Student undertaking basic life support training

Welcome to the School of Medicine MBBS Offer-holder Hub 

Imperial’s Faculty of Medicine is one of the largest in Europe, with multiple medical campuses across north and west London, and partnerships with a wide range of NHS Trusts, hospitals and clinics.

This access to a large and diverse patient population, alongside the opportunities provided by our reimagined MBBS curriculum that intertwines clinical skills with scientific knowledge as early as the first term and enables you to gain clinical experience from the start, with placements carefully selected throughout the course to give you a broad and balanced clinical learning experience.

Our teaching is enriched by our internationally competitive research and clinical expertise, so you’ll be learning at the very cutting edge of the subject, from teachers who are leaders in their field. We deliver the course through a range of innovative and traditional teaching methods, including lectures, small group teaching, computer workshops, laboratory classes and problem-based learning.

As a offer holder, you may have queries that are more based on living in London if you’re moving from further away in the UK or from abroad, what accommodation would best suit you, how to manage your finances or whether you can work alongside your studies. You might be wondering about the extracurricular activities available, or how best to get involved with the Student Union. 

We are holding a virtual event for MBBS offer holders on 15th April 2021 at 1pm UK Time. Click here to register and get the Link on Teams. At this event, we will introduce you to the course – what happens in Phase 1, what it is like taking an integrated BSc as well as your MBBS, what the clinical experience is at Imperial, and what life in London is like including all about your Accommodation options. You will also be able to visit “virtual rooms” to talk to academics and students on specific topics. Make sure you don’t miss it!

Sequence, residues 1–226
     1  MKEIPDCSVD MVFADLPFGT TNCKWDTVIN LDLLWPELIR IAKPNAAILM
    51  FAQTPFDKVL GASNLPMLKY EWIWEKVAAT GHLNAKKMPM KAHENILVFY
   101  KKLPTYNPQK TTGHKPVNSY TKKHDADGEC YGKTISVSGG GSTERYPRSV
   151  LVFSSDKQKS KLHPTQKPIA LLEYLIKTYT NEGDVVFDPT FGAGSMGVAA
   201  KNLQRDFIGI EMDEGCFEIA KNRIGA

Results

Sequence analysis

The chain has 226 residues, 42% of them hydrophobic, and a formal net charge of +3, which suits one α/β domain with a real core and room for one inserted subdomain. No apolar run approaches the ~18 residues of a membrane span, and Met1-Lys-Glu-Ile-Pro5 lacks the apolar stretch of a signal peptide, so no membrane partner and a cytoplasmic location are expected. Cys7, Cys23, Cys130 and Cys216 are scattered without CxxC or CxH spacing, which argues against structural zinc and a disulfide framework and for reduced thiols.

We also would like you to invite you to keep an eye on the College's Offer Holder events page, which will help you with the next steps of your journey to Imperial.

We’re looking forward to meeting you soon!


Dates for your diaries

• Early May - once you have firmly accepted your offer at Imperial (either conditional or unconditional) you will receive an email invite to apply for accommodation using our online system.
• 10th June - deadline for confirming your Firm and Insurance places.
• 5th July - International Baccalaureate results published.
• 30th July - last date to apply to be guaranteed a place in our accommodation.
• 2nd August - If Imperial is your Insurance choice you will receive an email invite to apply for accommodation by this date.
• 10th August - A Level results published.
• 31st August - If you have any outstanding offer conditions (eg. proof of English Language) you must meet them by this date or you could lose your place.
• Early September - Candidates who have secured a place in university accommodation will be notified by email. Offers must be accepted by the date specified in the email.
• 2nd October - moving in day.

Visit the campus from the comfort of your home

Unfortunately, Covid19 measures are still in place, which means you won't be able to travel to campus for a little while longer. With our 360 virtual tour website, you will feel like you're already there! Have a look here.

South Kensington campusMedicine students in actionLab work

What's on the course?

The six-year Imperial College MBBS undergraduate curriculum has recently undergone a major review aligned with the Imperial College Learning and Teaching strategy. The reimagined curriculum commenced in October 2019 and is carefully designed to prepare you comprehensively for clinical practice and life in the NHS in an increasingly digital world, as well as in preparation for the new Medical Licensing Assessment.

You will be based at the South Kensington campus and Charing Cross campus (near Hammersmith) throughout your studies. You will also be undertaking clinical and General Practice attachments across London and further afield.